For many companies, full-scale Salesforce adoption is a struggle. In some cases, users don’t know how to use the platform and don’t know who to ask for help. In others, they just don’t want to use it — likely because they don’t understand the value it will bring.
Thankfully, there are ways to combat these issues, and rigorous user training sessions should be your company’s first defense. These sessions — ideally led by whatever Salesforce partner helped with your implementation — are designed to educate users about how they should use the platform on a day-to-day basis in their specific roles.
Of course, regardless of who conducts the training sessions, leaders have a major influence on the outcome. Here’s how.
4 Salesforce user training tips for leaders:
1. Make sure the entire team is free and on site
It’s essential that leadership convey to employees how important it is that they attend all scheduled user training sessions, and one great way to do that is by ensuring that everybody is actually able to attend. Communicate the dates of the sessions well in advance, and don’t schedule any company-wide meetings or events on those days. And if you’ve got employees who are regularly on the road, make sure they’ll be in the office.
While technologies like Zoom make it possible for employees to virtually attend sessions from anywhere in the world, the best learning often occurs “in the classroom.” The consultants doing the teaching will be better able to read the room, recognizing who needs extra help and personal attention, and your team will have an easier time asking questions and voicing any concerns.
2. Communicate your future Salesforce support process during training
After training ends, your implementation team’s job will be done, but that doesn’t mean your users will never have another question about Salesforce. Going forward, you’ll want a Salesforce admin — or a team of admins, depending on the size of your organization — to handle all internal support issues.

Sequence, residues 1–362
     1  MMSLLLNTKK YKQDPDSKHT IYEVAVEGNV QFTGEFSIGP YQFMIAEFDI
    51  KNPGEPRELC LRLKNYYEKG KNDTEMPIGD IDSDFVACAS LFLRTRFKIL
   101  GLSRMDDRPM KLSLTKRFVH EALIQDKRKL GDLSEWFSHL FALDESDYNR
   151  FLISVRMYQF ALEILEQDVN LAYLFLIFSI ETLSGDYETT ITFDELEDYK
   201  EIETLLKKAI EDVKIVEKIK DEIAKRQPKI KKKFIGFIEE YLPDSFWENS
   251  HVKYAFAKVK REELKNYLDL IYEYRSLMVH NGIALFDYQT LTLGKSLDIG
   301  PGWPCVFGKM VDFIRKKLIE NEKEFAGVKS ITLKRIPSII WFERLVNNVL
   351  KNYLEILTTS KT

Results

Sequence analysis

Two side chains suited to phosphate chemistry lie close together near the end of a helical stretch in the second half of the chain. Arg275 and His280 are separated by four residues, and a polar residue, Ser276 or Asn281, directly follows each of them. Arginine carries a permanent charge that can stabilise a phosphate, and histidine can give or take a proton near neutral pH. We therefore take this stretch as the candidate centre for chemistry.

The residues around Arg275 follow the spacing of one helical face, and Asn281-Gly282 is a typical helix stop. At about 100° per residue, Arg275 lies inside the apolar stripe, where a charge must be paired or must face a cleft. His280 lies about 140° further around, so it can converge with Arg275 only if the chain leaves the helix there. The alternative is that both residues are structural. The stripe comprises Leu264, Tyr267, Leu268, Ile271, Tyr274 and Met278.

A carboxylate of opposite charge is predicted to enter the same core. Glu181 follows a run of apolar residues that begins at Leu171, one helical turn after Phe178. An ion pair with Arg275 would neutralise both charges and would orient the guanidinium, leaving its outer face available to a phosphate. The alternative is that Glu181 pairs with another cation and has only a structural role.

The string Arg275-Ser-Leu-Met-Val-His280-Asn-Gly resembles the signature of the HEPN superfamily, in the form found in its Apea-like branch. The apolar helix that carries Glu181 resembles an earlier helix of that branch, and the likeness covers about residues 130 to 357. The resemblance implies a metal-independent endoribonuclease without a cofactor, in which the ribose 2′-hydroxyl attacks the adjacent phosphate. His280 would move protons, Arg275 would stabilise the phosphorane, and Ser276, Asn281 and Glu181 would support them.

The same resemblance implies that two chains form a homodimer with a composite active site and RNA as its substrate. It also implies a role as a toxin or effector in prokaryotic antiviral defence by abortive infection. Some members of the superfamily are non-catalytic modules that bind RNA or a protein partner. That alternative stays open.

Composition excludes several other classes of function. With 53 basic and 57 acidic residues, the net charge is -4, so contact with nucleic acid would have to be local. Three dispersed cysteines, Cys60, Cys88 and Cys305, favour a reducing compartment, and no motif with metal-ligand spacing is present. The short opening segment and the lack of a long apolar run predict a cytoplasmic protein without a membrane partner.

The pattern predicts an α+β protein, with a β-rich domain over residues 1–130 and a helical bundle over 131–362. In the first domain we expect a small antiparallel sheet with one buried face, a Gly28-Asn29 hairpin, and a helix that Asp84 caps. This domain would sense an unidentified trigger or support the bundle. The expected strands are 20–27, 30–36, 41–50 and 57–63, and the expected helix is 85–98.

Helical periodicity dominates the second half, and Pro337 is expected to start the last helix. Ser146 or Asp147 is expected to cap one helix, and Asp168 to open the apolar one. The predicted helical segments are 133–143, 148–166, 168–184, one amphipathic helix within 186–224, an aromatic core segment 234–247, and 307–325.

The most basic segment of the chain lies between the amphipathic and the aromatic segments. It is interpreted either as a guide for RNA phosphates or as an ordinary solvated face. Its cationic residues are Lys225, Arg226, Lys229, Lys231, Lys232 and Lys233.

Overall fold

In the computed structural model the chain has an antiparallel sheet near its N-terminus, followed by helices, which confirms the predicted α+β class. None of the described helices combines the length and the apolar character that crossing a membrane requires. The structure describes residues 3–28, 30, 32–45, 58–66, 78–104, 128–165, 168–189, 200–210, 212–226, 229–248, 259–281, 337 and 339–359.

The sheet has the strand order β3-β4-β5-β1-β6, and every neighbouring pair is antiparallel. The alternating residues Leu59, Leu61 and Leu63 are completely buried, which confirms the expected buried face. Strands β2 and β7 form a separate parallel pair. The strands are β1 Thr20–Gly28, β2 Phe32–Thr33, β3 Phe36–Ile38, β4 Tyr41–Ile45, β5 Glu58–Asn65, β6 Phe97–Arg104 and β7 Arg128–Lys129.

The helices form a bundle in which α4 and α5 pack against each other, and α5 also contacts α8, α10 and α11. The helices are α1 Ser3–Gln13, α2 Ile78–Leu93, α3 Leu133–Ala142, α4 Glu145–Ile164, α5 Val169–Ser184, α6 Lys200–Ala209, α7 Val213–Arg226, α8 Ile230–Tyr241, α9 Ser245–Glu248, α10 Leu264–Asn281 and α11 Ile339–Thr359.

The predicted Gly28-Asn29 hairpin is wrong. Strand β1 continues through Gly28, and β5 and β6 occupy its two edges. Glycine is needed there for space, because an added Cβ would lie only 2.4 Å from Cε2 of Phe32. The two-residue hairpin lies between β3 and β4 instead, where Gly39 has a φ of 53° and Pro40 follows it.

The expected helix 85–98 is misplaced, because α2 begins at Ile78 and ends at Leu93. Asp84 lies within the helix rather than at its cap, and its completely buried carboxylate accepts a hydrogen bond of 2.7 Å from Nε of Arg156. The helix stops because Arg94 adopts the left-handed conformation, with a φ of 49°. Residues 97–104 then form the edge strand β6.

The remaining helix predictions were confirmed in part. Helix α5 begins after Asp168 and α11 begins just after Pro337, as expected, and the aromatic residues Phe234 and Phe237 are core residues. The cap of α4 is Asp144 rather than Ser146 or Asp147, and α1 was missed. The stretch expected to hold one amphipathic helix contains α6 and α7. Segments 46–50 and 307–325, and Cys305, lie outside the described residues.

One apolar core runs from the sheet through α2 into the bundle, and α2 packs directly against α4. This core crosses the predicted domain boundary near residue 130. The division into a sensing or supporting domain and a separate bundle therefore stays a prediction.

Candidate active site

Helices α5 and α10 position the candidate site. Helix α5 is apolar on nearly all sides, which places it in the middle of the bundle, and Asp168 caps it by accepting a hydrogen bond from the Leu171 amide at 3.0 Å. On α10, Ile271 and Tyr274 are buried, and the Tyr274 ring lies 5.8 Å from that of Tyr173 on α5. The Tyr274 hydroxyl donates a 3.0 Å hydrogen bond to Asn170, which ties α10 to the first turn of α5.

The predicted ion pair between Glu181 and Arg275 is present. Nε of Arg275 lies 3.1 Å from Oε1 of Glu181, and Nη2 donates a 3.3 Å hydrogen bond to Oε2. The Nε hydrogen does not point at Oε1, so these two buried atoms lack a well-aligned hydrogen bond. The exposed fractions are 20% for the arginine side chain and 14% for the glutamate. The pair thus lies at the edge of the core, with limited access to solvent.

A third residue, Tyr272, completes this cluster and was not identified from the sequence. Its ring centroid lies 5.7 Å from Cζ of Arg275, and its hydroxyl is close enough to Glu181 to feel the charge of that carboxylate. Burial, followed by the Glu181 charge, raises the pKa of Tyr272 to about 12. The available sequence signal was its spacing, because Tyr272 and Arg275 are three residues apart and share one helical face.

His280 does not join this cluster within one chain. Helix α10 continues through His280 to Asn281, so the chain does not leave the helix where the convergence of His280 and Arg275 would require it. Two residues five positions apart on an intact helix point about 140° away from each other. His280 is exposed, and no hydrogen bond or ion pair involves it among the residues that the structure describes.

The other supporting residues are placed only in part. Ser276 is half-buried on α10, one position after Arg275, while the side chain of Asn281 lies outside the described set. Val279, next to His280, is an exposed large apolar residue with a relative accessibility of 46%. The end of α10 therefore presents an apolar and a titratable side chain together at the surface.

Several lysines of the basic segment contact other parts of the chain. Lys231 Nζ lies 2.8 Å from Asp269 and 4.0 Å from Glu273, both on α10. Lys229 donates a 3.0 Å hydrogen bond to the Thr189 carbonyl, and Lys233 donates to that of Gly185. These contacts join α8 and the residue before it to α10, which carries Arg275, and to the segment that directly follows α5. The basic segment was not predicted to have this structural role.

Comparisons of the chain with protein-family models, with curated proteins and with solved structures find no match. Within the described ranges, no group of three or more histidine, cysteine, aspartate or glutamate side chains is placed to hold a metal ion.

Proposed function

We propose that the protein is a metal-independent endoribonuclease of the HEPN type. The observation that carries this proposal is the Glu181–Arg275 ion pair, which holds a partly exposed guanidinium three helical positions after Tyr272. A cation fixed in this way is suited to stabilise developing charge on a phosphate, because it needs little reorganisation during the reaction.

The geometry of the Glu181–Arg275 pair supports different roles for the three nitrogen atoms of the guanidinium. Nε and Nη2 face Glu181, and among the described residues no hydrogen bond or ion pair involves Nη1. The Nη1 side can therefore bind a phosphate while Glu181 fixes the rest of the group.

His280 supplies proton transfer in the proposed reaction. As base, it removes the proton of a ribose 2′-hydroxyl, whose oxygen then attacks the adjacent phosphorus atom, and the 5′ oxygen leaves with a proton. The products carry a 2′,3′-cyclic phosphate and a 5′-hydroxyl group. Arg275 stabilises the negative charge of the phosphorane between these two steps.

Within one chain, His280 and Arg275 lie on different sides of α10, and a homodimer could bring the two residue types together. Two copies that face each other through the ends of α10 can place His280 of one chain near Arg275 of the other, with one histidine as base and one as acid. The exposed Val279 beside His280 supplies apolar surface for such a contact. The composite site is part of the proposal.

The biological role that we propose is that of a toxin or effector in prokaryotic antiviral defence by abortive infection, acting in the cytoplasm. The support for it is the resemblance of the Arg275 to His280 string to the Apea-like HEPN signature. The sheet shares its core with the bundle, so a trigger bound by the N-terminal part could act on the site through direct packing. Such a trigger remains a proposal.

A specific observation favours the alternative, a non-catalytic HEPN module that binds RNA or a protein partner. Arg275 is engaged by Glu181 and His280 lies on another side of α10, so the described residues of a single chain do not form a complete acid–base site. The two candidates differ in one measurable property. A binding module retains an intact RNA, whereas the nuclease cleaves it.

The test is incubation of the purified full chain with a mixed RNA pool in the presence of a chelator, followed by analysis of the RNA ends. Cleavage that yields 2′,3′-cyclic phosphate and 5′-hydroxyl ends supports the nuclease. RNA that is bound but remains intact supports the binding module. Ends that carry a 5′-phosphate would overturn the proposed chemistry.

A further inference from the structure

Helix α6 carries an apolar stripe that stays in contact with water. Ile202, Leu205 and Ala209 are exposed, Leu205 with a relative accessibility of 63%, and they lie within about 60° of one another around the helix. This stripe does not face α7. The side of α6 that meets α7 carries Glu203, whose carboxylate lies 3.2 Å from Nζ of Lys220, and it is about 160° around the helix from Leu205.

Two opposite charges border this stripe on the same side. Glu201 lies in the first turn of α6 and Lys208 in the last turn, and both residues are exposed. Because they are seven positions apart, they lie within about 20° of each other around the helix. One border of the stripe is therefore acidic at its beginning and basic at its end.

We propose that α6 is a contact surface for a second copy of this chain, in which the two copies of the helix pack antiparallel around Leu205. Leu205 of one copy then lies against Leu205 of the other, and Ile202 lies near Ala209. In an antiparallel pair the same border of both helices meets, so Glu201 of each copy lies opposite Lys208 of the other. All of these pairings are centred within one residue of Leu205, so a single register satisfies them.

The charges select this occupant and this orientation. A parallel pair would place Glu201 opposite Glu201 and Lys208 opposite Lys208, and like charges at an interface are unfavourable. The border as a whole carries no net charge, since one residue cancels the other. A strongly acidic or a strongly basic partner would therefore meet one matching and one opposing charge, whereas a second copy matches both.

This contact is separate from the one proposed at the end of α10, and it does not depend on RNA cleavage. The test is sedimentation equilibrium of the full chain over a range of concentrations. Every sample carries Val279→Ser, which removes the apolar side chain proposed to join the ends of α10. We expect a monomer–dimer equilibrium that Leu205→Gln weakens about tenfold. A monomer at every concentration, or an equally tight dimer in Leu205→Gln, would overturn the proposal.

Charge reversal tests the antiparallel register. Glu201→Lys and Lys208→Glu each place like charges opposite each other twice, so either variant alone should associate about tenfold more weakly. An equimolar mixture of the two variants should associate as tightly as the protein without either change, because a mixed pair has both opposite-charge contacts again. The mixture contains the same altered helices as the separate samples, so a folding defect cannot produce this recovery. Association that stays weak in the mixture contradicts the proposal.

Before user training ends, you should introduce your support person (or people) and explain the appropriate processes for requesting help. That way, even if a user experiences an issue on day one, they’ll know exactly how to deal with it.
3. Be open to user feedback
Ideally, by the time you reach user training, you and your implementation team will have iterated to the point of completion — your team should be completely satisfied with your Salesforce build. That said, it’s not unheard of for an employee to notice an issue or make a recommendation for improvement during a user training session. And instead of telling them that it’s too late to make any more changes, you should hear them out.
This helps reinforce the idea that Salesforce is a tool meant to help them do their job better — a productivity tool — and that you value their feedback. When an employee feels more ownership over a particular technology, they’ll be much more likely to use it.
4. Announce your go-live plan during training
Training is the final step before your company officially “goes live” with Salesforce — and that makes it the perfect opportunity to communicate your company’s launch plan. What day will it happen? How long will existing legacy technologies remain active? At what point will data that’s not in Salesforce be considered not to exist, as far as the company is concerned? These are the kinds of questions you should be answering.
By doing this, you’ll help position user training as a lead up to a defining moment for the company, and not just some random requirement.
By doing everything listed above, you’ll help make sure that training goes well and that it leads smoothly into widespread Salesforce adoption. Your team will understand the platform’s importance and know who to go to for help when they get stuck, making them much less likely to simply ignore the new technology. And that’s great news for your business.